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Monarch butterflies named endangered on species ‘red list’

The migrating butterfly is 2 steps from extinct on the International Union for Conservation of Nature list.

A monarch butterfly is pictured at the Sanctuary of El Rosario in Mexico. Monarchs, which migrate thousands of miles each year, were added last week to the International Union for Conservation of Nature's "red list" of threatened species. They were labeled "endangered," which is two steps from extinct. (Enrique Castro/AFP/Getty Images)
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The monarch butterfly fluttered a step closer to extinction last week as scientists put the orange-and-black insect on the endangered list because of its dwindling numbers.

“It’s just a devastating decline,” said Stuart Pimm, an ecologist at Duke University who was not involved in the new listing. “This is one of the most recognizable butterflies in the world.”

The International Union for Conservation of Nature on Thursday added the migrating monarch butterfly for the first time to its “red list” of threatened species and categorized it as “endangered” — two steps from extinct.

The group estimates that the population of monarch butterflies in North America has declined between 22 percent and 72 percent over 10 years, depending on the measurement method.

“What we’re worried about is the rate of decline,” said Nick Haddad, a conservation biologist at Michigan State University. “It’s very easy to imagine how very quickly this butterfly could become even more imperiled.”

Haddad, who was not directly involved in the listing, estimates that the population of monarch butterflies he studies in the Eastern United States has declined between 85 percent and 95 percent since the 1990s.

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In North America, millions of monarch butterflies undertake the longest migration of any insect species known to science.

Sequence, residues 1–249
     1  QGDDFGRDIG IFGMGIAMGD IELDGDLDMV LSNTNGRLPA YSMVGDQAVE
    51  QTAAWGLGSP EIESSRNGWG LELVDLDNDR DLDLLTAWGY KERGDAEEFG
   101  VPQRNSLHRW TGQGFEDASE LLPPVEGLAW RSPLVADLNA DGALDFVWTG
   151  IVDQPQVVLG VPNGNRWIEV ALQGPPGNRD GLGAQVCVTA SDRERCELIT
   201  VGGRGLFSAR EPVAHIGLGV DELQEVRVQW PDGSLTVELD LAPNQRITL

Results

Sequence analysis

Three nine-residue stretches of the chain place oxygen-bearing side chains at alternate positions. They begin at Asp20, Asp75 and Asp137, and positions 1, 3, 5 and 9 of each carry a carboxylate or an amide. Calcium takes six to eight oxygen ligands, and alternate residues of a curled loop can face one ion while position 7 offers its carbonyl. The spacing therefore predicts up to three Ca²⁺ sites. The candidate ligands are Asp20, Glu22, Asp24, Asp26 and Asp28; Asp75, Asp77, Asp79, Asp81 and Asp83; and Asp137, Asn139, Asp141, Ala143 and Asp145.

After wintering in the mountains of central Mexico, the butterflies migrate north, breeding multiple generations along the way for thousands of miles. The offspring that reach southern Canada then begin the trip back to Mexico at the end of summer.

“It’s a true spectacle and incites such awe,” said Anna Walker, a conservation biologist at New Mexico BioPark Society who was involved in determining the new listing.

A smaller group spends winters in coastal California, then disperses in spring and summer across several states west of the Rocky Mountains. This population has seen an even more steep decline than the Eastern monarchs, although there was a small bounce back last winter.

Emma Pelton of the nonprofit Xerces Society, which monitors the Western butterflies, said the butterflies are threatened by loss of habitat, climate change and increased use of weed-killing and insect-killing chemicals in agriculture.

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“There are things people can do to help,” she said, including planting milkweed, a plant that monarch larvae, or caterpillars, depend upon.

Nonmigratory monarch butterflies in Central America and South America were not designated as endangered.

The United States has not listed monarch butterflies under the Endangered Species Act, but several environmental groups say it should be listed.